July 22 (Bloomberg) -- California plans to borrow $5 billion in a bridge loan next week to have cash available ahead of any disruption to the credit markets if U.S. lawmakers fail to raise the federal debt ceiling, Treasurer Bill Lockyer said.
The state will seek competitive bids July 26 from investment banks, commercial banks, credit unions and investment funds, Lockyer’s spokesman, Tom Dresslar, said yesterday. Proceeds will help pay bills until the state can sell an estimated $5 billion of so-called revenue-anticipation notes, or RANs, scheduled for late August.
Without those short-term securities, the state may run out of cash as it did in 2009, when it issued $2.6 billion of IOUs. President Barack Obama and Congress are negotiating to raise the U.S. debt ceiling and avert a default before an Aug. 2 deadline. Standard & Poor’s and Moody’s Investors Service have said they may lower the U.S. government’s AAA credit rating if the talks falter.
“The notes will be privately placed, rather than sold in the market,” Dresslar said in a statement. “If the president and Congress reach an agreement to raise the debt ceiling before we award the bids, we could pull the plug on the sale.”
California used a $6.7 billion bridge loan from JPMorgan Chase & Co. and five other banks in October, when a record 100- day budget impasse prevented Lockyer from issuing RANs. The notes are commonly used for cash flow before the bulk of taxes is collected later in the year.
Paying Off Loan
“The state still will go to the market at some point to sell about $5 billion of regular RANs,” Dresslar said. “The proceeds of that sale would be used to pay off the bridge loan, if that transaction is completed.”
Governor Jerry Brown is considering whether to sign a bill that would let the state borrow almost $2 billion of cash held by the University of California, the California State University system and California community colleges.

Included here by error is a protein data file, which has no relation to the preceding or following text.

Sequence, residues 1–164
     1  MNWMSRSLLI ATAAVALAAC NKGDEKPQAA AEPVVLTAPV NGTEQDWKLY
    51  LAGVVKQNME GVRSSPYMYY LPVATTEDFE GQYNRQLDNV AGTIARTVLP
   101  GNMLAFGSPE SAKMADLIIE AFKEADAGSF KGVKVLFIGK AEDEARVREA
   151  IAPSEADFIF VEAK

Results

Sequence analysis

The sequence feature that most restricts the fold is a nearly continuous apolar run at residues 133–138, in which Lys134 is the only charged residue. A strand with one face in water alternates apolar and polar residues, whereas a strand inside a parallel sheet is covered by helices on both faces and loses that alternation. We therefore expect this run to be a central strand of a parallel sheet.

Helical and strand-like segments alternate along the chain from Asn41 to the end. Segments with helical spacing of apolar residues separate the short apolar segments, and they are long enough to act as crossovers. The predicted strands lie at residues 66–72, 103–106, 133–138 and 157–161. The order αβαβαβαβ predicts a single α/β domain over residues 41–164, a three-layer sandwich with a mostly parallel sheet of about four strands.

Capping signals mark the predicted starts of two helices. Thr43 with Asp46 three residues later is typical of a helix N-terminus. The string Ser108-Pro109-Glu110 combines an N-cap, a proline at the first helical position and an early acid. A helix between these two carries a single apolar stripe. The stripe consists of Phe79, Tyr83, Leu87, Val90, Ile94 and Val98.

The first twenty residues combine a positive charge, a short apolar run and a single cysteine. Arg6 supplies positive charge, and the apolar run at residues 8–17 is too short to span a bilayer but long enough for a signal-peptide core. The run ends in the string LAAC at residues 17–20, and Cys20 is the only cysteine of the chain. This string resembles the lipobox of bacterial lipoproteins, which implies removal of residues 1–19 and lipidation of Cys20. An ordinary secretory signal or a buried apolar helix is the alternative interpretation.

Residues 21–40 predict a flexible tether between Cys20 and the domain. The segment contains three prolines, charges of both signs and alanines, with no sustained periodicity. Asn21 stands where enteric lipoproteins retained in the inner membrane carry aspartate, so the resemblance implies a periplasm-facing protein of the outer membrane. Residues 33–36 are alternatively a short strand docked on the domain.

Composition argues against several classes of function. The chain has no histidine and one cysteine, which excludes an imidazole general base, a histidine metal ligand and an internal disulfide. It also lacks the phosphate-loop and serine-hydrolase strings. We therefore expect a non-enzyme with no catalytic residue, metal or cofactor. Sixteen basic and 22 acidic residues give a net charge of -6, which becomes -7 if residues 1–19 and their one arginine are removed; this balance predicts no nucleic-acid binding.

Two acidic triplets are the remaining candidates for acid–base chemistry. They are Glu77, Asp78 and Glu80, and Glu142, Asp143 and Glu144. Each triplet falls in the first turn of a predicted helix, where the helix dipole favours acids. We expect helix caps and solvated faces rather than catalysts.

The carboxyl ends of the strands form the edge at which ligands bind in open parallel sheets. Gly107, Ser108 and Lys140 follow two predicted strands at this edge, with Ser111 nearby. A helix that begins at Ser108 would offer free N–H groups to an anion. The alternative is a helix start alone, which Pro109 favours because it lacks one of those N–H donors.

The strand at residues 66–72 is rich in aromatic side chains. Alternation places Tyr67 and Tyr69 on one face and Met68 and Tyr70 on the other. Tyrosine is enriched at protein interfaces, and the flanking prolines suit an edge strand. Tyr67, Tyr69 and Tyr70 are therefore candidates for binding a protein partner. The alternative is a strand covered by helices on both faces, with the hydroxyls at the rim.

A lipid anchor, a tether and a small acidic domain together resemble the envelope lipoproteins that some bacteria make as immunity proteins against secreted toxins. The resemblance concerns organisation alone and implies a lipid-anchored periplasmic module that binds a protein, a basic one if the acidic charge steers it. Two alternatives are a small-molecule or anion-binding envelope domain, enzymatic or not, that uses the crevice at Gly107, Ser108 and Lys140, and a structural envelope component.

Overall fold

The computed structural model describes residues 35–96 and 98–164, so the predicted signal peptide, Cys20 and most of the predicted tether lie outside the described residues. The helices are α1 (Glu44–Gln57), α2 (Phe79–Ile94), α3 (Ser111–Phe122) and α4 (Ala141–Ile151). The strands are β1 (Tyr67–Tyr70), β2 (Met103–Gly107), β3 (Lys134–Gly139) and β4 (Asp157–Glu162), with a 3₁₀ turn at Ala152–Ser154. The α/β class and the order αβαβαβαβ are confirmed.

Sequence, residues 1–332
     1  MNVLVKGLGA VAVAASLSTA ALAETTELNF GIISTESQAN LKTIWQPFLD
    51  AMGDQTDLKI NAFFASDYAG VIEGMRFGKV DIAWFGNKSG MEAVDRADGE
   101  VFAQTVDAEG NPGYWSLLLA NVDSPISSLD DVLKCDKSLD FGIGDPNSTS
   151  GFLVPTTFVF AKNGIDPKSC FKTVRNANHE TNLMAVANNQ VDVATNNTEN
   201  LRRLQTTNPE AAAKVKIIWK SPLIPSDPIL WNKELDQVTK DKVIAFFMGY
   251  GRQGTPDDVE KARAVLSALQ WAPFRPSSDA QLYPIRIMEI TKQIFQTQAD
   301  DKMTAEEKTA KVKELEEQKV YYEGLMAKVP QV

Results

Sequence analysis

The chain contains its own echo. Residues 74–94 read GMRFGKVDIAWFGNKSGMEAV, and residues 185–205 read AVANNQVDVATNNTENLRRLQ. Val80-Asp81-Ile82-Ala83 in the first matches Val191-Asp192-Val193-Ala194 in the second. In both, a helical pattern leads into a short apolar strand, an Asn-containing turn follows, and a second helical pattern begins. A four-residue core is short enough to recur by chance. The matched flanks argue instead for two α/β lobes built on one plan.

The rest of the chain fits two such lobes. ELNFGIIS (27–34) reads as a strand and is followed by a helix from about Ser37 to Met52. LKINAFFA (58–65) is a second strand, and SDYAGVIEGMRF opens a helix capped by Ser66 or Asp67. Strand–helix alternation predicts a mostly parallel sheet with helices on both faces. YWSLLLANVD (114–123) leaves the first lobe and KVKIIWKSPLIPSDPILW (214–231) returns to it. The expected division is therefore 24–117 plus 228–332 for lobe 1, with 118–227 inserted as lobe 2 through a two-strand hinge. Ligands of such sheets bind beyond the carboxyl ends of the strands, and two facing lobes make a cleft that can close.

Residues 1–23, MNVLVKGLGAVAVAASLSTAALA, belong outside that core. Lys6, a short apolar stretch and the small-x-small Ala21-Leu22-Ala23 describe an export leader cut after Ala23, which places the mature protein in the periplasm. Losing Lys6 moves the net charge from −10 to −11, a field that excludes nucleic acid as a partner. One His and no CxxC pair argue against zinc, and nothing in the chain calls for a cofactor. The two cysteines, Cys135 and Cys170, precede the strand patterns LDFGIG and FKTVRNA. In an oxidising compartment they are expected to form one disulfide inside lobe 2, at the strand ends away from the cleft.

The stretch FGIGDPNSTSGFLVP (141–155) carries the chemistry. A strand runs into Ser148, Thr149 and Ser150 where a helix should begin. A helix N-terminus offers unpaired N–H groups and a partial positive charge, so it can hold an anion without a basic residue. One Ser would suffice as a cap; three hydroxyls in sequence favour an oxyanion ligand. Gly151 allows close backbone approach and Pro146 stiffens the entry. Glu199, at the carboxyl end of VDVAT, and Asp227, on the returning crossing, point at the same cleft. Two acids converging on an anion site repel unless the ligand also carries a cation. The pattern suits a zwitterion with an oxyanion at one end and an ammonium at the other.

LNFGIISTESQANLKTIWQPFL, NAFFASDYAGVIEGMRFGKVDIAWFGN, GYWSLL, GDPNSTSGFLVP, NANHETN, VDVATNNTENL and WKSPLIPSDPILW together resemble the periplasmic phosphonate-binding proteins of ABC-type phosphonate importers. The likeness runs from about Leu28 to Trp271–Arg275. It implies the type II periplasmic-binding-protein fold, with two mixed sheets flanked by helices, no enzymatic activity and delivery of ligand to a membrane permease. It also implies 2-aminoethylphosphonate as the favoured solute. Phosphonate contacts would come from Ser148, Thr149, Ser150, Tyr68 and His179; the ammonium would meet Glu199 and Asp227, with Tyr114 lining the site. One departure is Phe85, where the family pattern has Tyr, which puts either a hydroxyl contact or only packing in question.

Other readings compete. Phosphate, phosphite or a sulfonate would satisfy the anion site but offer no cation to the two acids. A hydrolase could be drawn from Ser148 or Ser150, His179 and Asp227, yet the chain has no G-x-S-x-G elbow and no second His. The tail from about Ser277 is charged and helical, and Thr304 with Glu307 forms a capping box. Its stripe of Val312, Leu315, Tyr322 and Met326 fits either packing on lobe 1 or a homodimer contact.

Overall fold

The money could be used to pay bills and would help guarantee repayment of the notes, lowering interest costs. The state would pay about 1.5 percent interest on the college loan.
California paid 1.4 percent on the October loan, which was repaid when Lockyer sold $10 billion of RANs at the end of November. The sale included $2.25 billion of notes that came due in May with a yield of 1.5 percent and $7.75 billion that matured in June at 1.75 percent.
The May notes yielded 98 basis points, or 0.98 percentage point, more than top-rated one-year debt at the time and the June notes yielded 123 basis points more, Municipal Market Advisors data show. California sold $8.8 billion of such notes in September 2009 and $5 billion the previous year.
Yields on RANs have plunged along with Treasuries. One- year, tax-exempt note yields fell to 0.28 percent this week, according to a Bond Buyer index, down from 0.54 percent a year earlier, and 3.69 percent in 2007, before the recession.
California, which has the lowest credit rating of any state from Standard & Poor’s and is typically the largest U.S. issuer of municipal debt, hasn’t sold any general-obligation bonds in 2011 as legislators debated solutions for a $26 billion deficit.
Ten-year general obligation bonds from California issuers yielded 4.01 percent on average, or about 1.10 percentage points more than average top-rated debt of that maturity, according to Bloomberg Fair Value indexes yesterday. The yield difference was the smallest since April 28.
--Editors: Pete Young, Ted Bunker
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